Play with her near the post, and then start scratching the post with your finger. The sound will often immediately cause the cat to start scratching. Their scratching will deposit some pheromones and scent on the post. When he or she does do, give a verbal reward, with a “good girl/boy” in a happy, encouraging tone. If she does not use the post despite the sound, place her paws on the post and see if she scratches. If she doesn’t. don’t give up, some cats take several exposures to this before they will start to scratch the post.

Play with the cat near the post and do this twice a day, every day for 2 weeks. Remember to always give verbal reward when he or she uses the post. Consistency is the key. And the reason it’s important is that if the cat’s need for scratching is satisfied, they will not feel the need to scratch at other times of the day.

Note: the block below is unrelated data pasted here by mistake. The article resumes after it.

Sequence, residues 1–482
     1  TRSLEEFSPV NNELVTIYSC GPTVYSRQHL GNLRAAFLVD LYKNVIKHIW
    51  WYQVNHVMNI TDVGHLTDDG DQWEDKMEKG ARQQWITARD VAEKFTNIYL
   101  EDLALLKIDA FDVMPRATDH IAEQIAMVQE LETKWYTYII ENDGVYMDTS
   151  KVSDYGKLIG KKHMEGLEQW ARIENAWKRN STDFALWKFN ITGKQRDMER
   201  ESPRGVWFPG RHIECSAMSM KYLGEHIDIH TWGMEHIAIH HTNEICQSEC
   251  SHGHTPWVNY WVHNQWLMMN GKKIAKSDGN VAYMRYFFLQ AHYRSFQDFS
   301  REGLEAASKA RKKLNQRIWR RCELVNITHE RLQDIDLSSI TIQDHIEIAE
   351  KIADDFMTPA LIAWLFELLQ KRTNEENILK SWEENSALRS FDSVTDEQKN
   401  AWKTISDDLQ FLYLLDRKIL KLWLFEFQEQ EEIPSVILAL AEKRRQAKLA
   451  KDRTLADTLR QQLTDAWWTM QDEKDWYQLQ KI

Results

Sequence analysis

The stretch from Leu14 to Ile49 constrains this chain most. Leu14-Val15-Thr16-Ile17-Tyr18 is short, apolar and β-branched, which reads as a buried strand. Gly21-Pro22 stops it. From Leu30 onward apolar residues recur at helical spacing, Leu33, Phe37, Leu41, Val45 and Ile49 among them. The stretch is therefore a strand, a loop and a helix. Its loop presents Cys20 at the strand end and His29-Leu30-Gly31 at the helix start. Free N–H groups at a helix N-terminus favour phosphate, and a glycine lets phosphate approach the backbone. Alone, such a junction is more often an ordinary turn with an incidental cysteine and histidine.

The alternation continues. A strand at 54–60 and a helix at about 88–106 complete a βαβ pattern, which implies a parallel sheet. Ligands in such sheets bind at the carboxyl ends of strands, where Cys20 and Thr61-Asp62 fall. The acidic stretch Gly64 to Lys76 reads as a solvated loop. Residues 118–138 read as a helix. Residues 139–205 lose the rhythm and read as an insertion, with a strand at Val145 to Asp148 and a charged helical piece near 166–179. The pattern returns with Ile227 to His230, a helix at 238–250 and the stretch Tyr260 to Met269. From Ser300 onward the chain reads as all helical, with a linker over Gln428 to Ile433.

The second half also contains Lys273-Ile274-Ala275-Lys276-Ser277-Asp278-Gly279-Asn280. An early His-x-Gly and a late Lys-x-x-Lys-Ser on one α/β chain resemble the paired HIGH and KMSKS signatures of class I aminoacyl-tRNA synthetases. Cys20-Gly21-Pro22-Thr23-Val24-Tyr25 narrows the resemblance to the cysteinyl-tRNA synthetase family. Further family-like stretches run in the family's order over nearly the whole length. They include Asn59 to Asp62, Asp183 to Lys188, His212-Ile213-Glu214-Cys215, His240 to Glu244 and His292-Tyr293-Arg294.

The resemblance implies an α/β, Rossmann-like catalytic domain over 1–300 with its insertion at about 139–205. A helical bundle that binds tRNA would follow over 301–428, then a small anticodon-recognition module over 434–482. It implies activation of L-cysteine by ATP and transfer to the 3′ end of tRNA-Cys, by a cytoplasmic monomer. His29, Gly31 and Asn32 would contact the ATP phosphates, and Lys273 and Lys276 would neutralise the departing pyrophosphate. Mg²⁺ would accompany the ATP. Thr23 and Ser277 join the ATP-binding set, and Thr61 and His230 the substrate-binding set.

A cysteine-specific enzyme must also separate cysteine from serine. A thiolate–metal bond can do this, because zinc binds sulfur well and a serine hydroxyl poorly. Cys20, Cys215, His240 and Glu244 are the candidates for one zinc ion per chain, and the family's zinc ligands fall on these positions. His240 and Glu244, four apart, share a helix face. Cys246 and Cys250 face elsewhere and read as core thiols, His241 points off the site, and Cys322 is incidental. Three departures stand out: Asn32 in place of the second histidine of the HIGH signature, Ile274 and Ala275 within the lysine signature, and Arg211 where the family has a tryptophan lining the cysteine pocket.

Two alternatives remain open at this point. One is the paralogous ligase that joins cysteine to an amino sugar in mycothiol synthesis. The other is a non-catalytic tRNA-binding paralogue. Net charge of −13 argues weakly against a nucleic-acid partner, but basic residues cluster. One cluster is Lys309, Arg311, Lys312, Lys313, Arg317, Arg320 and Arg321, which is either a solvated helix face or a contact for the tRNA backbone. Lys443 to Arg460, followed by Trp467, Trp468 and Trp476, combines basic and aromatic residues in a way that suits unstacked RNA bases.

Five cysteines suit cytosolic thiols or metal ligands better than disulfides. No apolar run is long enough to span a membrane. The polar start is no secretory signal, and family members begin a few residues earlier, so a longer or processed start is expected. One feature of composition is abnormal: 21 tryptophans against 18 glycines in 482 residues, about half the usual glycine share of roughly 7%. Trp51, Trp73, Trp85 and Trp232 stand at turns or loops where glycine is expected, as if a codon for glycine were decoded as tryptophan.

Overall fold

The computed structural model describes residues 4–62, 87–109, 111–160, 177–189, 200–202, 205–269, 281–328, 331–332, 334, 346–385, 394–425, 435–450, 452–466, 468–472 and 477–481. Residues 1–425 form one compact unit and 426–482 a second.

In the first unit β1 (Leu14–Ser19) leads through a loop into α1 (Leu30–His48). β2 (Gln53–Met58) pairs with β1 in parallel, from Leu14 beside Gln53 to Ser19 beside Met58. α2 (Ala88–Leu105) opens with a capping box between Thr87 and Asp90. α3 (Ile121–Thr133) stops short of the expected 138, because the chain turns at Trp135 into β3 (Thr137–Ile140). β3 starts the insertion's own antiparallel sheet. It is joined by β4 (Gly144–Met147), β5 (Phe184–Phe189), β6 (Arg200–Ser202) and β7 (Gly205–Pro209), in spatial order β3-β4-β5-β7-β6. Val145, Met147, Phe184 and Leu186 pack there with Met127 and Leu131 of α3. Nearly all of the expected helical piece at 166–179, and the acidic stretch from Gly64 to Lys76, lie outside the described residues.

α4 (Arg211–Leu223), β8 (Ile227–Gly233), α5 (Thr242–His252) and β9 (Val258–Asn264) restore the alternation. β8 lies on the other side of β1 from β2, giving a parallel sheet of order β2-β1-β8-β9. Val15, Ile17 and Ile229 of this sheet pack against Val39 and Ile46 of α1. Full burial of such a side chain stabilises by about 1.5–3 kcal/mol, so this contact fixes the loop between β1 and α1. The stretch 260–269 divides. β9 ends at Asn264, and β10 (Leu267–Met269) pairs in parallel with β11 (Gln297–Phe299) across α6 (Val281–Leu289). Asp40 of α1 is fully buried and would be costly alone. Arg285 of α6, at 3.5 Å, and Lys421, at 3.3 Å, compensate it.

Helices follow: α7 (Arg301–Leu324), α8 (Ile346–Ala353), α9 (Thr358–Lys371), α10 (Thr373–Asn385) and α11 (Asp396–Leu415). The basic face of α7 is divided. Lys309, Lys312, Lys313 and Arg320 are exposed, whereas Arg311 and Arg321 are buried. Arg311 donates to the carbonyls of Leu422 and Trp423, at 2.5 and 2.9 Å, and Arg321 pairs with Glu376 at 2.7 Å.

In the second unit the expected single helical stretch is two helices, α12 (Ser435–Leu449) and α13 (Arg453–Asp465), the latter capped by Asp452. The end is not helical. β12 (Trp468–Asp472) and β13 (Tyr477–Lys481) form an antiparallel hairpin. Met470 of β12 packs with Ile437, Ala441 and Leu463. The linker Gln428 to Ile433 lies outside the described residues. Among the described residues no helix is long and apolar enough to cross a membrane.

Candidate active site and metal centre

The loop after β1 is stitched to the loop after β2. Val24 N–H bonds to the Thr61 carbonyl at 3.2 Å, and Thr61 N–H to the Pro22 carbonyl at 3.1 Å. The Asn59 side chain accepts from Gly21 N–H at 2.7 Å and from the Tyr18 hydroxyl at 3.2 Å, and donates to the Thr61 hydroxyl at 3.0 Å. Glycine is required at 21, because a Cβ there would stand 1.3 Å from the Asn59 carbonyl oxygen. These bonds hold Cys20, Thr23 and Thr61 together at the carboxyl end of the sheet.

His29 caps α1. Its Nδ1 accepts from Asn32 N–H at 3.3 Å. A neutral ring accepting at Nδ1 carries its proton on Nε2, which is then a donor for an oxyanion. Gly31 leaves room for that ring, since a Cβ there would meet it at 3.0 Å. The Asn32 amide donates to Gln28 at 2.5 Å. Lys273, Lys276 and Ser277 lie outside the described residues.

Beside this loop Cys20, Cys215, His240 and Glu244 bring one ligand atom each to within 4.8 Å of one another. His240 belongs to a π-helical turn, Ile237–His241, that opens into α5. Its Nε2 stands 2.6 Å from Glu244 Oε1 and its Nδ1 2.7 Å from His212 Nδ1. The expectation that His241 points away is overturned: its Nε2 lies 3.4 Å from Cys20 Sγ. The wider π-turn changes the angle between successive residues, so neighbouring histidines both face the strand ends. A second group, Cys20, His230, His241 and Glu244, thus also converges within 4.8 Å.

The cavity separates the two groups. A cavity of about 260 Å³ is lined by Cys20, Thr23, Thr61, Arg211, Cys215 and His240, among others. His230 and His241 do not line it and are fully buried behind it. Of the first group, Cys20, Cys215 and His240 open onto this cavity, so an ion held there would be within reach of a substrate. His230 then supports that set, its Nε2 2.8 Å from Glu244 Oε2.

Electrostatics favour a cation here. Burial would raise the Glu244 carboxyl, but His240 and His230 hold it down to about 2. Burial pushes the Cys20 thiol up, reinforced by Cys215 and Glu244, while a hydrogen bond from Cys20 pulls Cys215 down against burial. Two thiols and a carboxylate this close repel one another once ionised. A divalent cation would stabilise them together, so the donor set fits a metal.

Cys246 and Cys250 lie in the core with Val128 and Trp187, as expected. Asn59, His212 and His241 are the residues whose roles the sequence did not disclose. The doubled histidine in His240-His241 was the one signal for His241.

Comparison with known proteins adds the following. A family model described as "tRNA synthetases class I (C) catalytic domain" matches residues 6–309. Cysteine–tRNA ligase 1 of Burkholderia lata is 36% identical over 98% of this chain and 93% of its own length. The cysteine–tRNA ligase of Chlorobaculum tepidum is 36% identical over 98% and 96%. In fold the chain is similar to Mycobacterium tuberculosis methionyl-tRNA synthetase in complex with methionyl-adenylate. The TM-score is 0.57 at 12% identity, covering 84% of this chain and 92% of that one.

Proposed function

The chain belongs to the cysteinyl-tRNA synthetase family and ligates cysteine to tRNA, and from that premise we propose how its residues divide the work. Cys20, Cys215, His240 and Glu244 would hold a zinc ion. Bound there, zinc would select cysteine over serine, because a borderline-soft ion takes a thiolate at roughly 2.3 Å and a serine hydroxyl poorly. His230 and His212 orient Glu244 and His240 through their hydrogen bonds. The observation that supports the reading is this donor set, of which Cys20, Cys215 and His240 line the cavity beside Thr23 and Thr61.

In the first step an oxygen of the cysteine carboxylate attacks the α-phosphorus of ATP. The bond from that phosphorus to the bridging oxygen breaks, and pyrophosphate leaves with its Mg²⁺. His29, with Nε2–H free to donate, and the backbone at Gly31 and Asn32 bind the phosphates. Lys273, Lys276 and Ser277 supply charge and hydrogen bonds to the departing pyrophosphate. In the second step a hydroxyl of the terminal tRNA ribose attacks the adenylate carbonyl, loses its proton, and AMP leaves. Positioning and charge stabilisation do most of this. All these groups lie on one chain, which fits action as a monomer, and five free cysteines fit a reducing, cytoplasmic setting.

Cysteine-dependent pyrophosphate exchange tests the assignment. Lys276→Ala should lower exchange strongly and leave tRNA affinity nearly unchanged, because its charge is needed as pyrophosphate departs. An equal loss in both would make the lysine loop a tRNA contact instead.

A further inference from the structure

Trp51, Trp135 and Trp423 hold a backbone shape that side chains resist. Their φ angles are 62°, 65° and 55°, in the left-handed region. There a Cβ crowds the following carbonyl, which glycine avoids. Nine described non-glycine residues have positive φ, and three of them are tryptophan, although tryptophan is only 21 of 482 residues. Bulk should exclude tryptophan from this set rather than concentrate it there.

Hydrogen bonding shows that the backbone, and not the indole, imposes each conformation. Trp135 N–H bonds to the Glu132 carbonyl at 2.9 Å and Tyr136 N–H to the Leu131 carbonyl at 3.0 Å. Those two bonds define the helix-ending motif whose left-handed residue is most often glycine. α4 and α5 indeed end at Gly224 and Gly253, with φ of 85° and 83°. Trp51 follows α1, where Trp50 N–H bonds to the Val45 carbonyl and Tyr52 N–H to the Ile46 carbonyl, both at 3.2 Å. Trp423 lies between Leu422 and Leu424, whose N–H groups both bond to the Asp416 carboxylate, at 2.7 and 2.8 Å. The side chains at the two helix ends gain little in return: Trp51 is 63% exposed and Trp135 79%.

Step 4:

After you have established a new habit of using the scratching post for 2 weeks, slowly return the post to the usual location. Move it a foot or so after a few days, then every few days move it a little further away until it is at a location that is convenient for you.

If using tape on the lounge, remove the tape and just have some plastic wrap there, and after a few more days, remove the plastic wrap.

Bonus Steps

In most cases, the above is all you need.

Here are some extra steps if you feel you need an extra boost to get your cat to use the post.

1. You can rub catnip or catmint on the post when she’s there. Catnip is appreciated by a percentage of cats and enhances the pleasure of the scratching post-experience.

2. Use a cleaner such as a peroxide to clean the furniture being scratched to eliminate the scents of the cat from the area. Beware: you should test the cleaner on furniture, as it will leach natural fibers. The elimination of the cat’s scent from the furniture can help to lose the cat’s reminder that this is the place to scratch.